"At the New York Film Festival THE DARJEELING LIMITED was preceded by a short film called HOTEL CHEVALIER (4 cats) starring Jason Schwartzman as Jack and Natalie Portman as Jack’s ex-girlfriend. It takes place in a Paris hotel where, for months, Jack has been living incognito. She inexplicably tracks him down and they have one last night of passion. In spite of little happening in the short film, seeing it first is great for positioning the character of Jack in the viewer’s mind. It also has a focus that the longer film lacks. HOTEL CHEVALIER is not being shown as part of the theatrical release but will be available on the DVD.
"THE DARJEELING LIMITED opened the 2007 New York Film Festival."
|`Chris says: "Wes Anderson's latest follows three
brothers as they travel across India on a tripped-out train that gives the
film its title. The Whitmans, Francis (Owen Wilson), Peter (Adrien Brody)
and Jack (Jason Schwartzman), haven't seen or spoken much to each other
since their father's death one year ago; it's immediately apparent why they're
estranged. Francis is controlling ringleader of the trio, crafting daily,
hyper-detailed itineraries for his brothers (and even ordering food for
them on occasion); Peter is a compulsive hoarder and borrower, claiming
his father's artifacts for himself (much to Francis' chagrin); and sex-obsessed
Jack just seems to be on his own planet much of the time. Naturally, the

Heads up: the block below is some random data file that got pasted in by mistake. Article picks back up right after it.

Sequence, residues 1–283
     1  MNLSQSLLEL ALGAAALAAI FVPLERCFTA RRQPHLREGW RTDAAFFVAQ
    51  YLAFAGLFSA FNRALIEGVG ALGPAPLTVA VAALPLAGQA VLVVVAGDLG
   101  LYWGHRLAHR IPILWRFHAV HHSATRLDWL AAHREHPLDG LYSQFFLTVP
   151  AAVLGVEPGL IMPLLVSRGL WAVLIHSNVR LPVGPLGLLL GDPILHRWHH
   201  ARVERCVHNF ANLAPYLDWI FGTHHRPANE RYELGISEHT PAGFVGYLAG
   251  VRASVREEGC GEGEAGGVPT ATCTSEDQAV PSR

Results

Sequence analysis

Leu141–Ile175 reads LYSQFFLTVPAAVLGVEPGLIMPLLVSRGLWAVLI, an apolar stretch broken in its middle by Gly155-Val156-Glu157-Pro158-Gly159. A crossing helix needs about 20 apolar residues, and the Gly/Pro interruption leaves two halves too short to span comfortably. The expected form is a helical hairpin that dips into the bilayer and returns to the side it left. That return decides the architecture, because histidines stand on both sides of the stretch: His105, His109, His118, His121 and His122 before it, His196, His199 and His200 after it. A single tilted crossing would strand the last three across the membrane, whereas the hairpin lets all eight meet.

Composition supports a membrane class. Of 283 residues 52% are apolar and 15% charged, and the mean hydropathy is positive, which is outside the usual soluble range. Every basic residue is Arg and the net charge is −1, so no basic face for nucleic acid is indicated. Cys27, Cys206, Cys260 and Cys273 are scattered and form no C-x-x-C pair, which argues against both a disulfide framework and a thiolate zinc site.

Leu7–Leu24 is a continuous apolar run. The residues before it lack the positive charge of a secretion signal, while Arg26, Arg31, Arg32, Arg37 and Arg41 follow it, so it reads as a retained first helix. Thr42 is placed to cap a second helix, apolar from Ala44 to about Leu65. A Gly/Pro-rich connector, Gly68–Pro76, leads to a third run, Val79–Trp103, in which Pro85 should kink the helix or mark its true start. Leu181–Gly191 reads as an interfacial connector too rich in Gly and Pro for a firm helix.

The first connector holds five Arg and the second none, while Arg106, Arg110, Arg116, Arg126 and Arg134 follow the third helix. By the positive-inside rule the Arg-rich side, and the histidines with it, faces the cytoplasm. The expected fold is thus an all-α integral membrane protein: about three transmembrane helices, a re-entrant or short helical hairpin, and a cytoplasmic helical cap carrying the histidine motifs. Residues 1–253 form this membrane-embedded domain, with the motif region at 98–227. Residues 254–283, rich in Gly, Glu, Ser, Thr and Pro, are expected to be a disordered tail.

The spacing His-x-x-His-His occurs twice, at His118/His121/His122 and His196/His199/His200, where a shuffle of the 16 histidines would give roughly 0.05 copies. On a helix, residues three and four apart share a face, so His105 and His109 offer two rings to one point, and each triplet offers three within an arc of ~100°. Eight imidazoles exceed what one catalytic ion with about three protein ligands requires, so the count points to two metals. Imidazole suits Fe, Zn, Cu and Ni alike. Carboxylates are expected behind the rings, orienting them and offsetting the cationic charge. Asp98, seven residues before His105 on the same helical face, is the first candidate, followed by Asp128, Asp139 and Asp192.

brothers' effort to reconcile, bond and achieve some sort of spiritual enlightenment
doesn't go as Francis planned.
More than anything in Anderson's oeuvre, this film feels transitional. It incorporates many of the themes and stylistic traits he's used since BOTTLE ROCKET: the breakdown and patching up of familial relations, the intricate attention-to-detail (a train's contours prove a natural fit for this), whimsical sequences that add more to the emotional pull than the narrative. On the other hand, it also suggests Anderson is open to expanding his repertoire, if just a tiny bit. Instead of the usual Mark Mothersbaugh score, he supplements the classic rock soundtrack with music from Satyajit Ray's films. Also, when a truly tragic event occurs midway through, he gets the sparse, mournful tone exactly right with a depth of feeling that may surprise some of his critics.
His head half-covered in bandages, Wilson plays a role that seems tailor-made for him (and a bit unnerving, given his recent suicide attempt), as does Schwartzman (who co-wrote the screenplay with Anderson and Roman Coppola). However, Brody gives the revelatory performance here, so completely at ease as he lends complexity to both the film's humorous and sobering moments. The worst one can say about Anjelica Huston's brief, anticipated appearance toward the end is that she looks unexpectedly awful, although her presence still shines through enough to carry her scenes.
On my first viewing, I had some trouble with the film's shambling final third (and in particular, the clumsy, unnecessary extended flashback to the father's funeral). After a second time, I warmed up to most of it, finding it to be a charming (if shaggy) travelogue with a clever payoff that revisits most of the supporting cast. As a huge Anderson admirer, I'm sorry to say THE DARJEELING LIMITED as a whole lacks that empathetic resolve his previous films all had; changed they might be, at the end the Whitmans are barely less self-absorbed than they were before. Fortunately, the film also carries the promise of a mature, career-defining work lurking somewhere within—like the Whitmans, Anderson just needs to shed some of his baggage. 4 cats"